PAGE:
julio 08, 1988

Ruling party claims victory in Mexico vote

Philip Bennett, Globe Staff
The Boston Globe
July 8, 1988

MEXICO CITY - Carlos Salinas de Gortari claimed victory yesterday in Wednesday's contentious presidential election, despite the refusal of the government and of his ruling Institutional Revolutionary Party to release results.

The absence by late yesterday afternoon of public, official results fanned opposition charges that the ruling party was maneuvering to steal the presidential and congressional elections. They are widely considered the most important in Mexico in nearly 50 years.

Officials of the ruling party, known as the PRI, attributed delays in the vote count yesterday to "technical" difficulties and to what all parties described as the heaviest voter turnout in the country's history. They denied allegations that voting had been marred by massive tampering.

But the officials acknowledged that the PRI had received fewer votes than they had expected. In his victory speech to party workers, Salinas declared that the comptetitiveness of the elections had signaled "a new political reality in the nation" and "the end of the era of a practically single party" system.

The PRI has not lost an election for a major office since it came to power in 1929. Its uninterrupted hold on power has been credited with preserving social peace and relative stability in Mexico.

Early vote tallies from Wednesday's elections had been promised initially by party and government officials for that evening. By law, official election results must be released Sunday.

The failure to produce the results contributed to confusion about both the outcome and aftermath of the elections. Although the country appeared to remain peaceful, opposition leaders said that they would call for acts of civil disobedience this weekend to protest what they have described as fraud.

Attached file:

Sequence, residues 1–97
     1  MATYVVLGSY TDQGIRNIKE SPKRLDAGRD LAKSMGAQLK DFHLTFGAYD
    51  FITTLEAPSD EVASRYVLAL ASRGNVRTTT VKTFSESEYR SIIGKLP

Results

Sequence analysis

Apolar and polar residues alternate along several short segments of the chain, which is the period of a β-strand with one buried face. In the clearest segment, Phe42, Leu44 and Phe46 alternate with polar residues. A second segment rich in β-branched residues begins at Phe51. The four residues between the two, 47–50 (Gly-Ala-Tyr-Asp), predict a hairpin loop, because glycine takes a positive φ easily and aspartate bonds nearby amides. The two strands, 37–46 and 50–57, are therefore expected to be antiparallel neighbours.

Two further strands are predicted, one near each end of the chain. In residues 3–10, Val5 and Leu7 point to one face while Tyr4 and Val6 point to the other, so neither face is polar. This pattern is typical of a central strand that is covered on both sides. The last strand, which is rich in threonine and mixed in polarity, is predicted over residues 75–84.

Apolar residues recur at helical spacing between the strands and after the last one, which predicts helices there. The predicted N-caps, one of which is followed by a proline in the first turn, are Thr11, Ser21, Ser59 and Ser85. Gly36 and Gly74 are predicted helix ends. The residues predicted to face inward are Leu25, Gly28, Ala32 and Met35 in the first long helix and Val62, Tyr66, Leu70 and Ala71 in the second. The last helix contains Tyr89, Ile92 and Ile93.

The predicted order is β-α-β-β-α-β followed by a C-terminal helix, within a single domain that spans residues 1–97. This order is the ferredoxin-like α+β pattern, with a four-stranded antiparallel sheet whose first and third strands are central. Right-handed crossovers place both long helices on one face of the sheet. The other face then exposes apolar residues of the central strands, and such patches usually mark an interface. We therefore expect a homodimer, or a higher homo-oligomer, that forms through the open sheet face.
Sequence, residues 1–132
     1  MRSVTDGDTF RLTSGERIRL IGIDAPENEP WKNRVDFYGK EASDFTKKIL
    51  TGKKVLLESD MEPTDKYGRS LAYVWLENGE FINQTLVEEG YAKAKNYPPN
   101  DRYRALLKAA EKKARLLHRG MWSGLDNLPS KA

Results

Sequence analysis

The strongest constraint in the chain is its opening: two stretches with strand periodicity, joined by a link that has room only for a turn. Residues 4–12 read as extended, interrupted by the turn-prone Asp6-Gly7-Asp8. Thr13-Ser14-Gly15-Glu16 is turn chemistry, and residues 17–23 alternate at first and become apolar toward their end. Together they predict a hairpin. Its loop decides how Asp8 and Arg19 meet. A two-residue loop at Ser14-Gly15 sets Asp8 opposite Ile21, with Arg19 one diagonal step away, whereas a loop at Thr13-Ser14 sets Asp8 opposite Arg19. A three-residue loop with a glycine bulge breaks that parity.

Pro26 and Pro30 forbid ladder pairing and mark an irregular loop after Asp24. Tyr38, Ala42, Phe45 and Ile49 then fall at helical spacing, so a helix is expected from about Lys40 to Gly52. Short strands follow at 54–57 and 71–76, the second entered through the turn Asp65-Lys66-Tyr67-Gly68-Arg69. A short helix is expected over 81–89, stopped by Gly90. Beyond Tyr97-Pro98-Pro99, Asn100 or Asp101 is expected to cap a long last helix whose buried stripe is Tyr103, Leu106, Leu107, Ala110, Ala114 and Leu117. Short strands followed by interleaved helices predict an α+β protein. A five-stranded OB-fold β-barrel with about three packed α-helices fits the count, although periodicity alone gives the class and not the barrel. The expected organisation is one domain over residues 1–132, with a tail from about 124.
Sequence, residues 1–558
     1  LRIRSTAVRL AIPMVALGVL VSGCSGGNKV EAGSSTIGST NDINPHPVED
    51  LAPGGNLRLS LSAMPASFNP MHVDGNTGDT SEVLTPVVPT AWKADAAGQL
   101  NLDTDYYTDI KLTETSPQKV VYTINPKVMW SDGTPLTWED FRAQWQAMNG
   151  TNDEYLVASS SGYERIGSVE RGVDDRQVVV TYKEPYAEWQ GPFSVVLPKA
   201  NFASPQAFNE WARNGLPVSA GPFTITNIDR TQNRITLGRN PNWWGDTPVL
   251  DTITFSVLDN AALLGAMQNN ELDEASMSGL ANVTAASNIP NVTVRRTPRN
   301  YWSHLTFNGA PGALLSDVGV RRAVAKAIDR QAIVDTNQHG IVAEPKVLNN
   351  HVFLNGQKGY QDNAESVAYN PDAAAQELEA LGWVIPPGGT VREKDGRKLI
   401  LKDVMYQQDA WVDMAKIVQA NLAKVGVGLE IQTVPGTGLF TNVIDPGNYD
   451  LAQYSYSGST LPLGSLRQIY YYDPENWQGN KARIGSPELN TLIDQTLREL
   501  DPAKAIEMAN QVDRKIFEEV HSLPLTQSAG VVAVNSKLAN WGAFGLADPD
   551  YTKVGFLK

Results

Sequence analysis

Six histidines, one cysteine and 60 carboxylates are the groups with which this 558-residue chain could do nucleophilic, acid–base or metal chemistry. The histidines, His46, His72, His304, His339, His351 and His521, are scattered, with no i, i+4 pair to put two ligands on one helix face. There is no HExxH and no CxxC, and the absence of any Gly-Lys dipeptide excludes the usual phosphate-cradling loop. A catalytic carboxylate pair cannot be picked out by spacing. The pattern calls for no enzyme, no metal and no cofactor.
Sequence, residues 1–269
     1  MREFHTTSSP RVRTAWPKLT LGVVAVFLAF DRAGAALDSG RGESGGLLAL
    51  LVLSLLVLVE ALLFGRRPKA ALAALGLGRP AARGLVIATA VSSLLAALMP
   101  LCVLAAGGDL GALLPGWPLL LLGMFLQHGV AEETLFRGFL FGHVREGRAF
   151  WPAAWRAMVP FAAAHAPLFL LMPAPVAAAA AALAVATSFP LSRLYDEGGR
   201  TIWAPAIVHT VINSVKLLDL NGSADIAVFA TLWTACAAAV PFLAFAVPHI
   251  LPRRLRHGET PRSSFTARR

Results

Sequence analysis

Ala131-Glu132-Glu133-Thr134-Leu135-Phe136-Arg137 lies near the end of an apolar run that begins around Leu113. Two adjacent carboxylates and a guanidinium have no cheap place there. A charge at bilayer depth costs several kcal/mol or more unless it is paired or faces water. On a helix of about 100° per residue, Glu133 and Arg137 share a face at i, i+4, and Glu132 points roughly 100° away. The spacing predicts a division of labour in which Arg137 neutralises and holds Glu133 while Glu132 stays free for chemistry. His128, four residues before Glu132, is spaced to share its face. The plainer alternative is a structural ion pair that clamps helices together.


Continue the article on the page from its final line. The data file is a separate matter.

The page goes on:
PRI officials said yesterday that they were withholding their own vote count in order not to interfere with government tabulations.

"We don't want a war of numbers," said Otto Granados, a spokesman for Salinas. "The only authority that can release figures is the Federal Electoral Commission."

Opposition parties released their own selective and unofficial figures yesterday that showed Salinas losing both to Cuauhtemoc Cardenas, the leftist presidential candidate, and to Manuel J. Clouthier, a candidate from the conservative National Action Party.

At a press conference, Cardenas presented totals that he said were from a sample of 272 of the nearly 55,000 precincts nationwide. The figures indicated that he had won, with 44 percent of the vote, and that Salinas had followed, with 27 percent. Clouthier had 23 percent, according to the Cardenas tally.

Clouthier countered with his own figures showing him in the lead, followed by Cardenas and then Salinas.

"The PRI lost the elections yesterday, my friends, and they are now the third political force in the country," Clouthier told reporters. "What we are seeing is the culmination of the most horrific fraud."

Clouthier, Cardenas and a third presidential candidate, Rosario Ibarra, met late Wednesday night with Interior Minister Manuel Bartlett to protest alleged voting irregularities, including the stuffing of ballot boxes. The interior minister heads the Federal Electoral Commission, which supervises vote tabulation.

Government officials maintained that the vote count was proceeding more slowly than usual because computers had broken down and because of high voter turnout. Opposition leaders charged that the government had halted the count after it realized that the PRI was losing.

"There is every indication that the results coming in were extraordinarily surprising and unfavorable to the PRI," said Jorge Casteneda, a prominent academic critical of the government. "How they handled the results is highly unusual in relation to what they said they wanted to do."

After hours of delays, the president of the PRI, Jorge de la Vega Dominguez, announced early yesterday that the party had scored an "overwhelming, legal and unassailable triumph." Without citing figures, he described the results as "a victory for the nation and for democracy."

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